Sheahen would be better served trying to derive milk and honey from rocks than create his utopian liberal society. I believe California and Illinois are well on their way to creating the type of society Sheahen would be happy to call home. We will always have poverty in our society. No amount of social programs or guaranteed income for every person will ever change that. … WILL BACH, MIAMI TWP.

Income guarantee also part of ‘Fair Tax’

Allan Sheahen correctly notes that his notion of a guaranteed annual income for all American citizens is not new. However, he does not mention that it is also an integral part of the “Fair Tax.” The Fair Tax is a national sales tax of about 30 percent on all services and new merchandise. It would replace all other federal taxes, including corporate taxes, the income tax and FICA (Social Security). But sales taxes are regressive, opponents say, because they fall harder on the poor than the rich.

To counter this argument, the Fair Tax legislative package guarantees payments to all Americans to bring them above the poverty level, as set each year by the Bureau of Labor Statistics. MARTIN ARBAGI, KETTERING

BIG idea ‘completely void of any reality’

I could not let the recent article by Allan Sheahen go by without clearly demonstrating why this would not work. Sheahen thinks that we, as a society, should give to every U.S. citizen a stipend called BIG (basic income guarantee) that would be the minimum required to lift them above the poverty level. Then, anyone who would want more would fill the limited available jobs to enhance their income. And we would pay for this by first eliminating all the various “poverty” programs, like welfare and Section 8 housing, and secondly — of course — by making “the wealthy pay their fair share in taxes.”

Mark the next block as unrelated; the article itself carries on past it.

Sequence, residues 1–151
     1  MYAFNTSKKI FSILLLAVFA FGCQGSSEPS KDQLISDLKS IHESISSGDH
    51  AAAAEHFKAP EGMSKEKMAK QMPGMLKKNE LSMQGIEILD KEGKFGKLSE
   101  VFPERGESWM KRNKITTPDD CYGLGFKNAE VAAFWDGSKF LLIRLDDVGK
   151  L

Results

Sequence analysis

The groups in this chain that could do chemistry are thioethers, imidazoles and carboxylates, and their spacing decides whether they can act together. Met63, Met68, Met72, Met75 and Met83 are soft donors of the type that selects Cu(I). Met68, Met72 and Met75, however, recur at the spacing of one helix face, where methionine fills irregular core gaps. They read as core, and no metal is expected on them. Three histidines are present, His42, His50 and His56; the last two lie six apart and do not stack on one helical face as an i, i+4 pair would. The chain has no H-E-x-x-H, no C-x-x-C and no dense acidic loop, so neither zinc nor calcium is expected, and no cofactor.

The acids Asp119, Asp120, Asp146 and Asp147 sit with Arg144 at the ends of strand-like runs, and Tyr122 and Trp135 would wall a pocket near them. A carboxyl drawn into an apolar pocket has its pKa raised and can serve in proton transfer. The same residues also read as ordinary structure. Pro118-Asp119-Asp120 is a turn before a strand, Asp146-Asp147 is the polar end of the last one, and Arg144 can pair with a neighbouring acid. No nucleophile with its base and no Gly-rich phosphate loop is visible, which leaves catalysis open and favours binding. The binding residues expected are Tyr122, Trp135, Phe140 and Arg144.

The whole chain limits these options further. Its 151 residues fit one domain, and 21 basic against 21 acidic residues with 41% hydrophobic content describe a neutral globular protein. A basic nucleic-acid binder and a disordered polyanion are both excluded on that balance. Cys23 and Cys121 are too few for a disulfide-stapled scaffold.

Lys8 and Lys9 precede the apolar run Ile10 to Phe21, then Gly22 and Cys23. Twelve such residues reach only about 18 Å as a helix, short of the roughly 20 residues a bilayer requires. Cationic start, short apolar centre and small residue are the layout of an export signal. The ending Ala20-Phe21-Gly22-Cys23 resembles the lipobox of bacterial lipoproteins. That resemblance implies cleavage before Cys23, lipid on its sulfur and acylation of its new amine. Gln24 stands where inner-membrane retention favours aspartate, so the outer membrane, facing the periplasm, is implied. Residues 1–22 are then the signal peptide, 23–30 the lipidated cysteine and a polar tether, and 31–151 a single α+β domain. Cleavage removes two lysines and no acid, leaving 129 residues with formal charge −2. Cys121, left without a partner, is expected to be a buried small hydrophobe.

Oops. Alarms should be sounding now with the magic liberal phrase “fair share.” But like most liberal ideas, it is founded in a utopian purity and completely void of any reality. …

The problem with Sheahen’s logic is that eventually the people with jobs will get tired of working so hard to support both themselves and the ones who are satisfied with the basic income guarantee.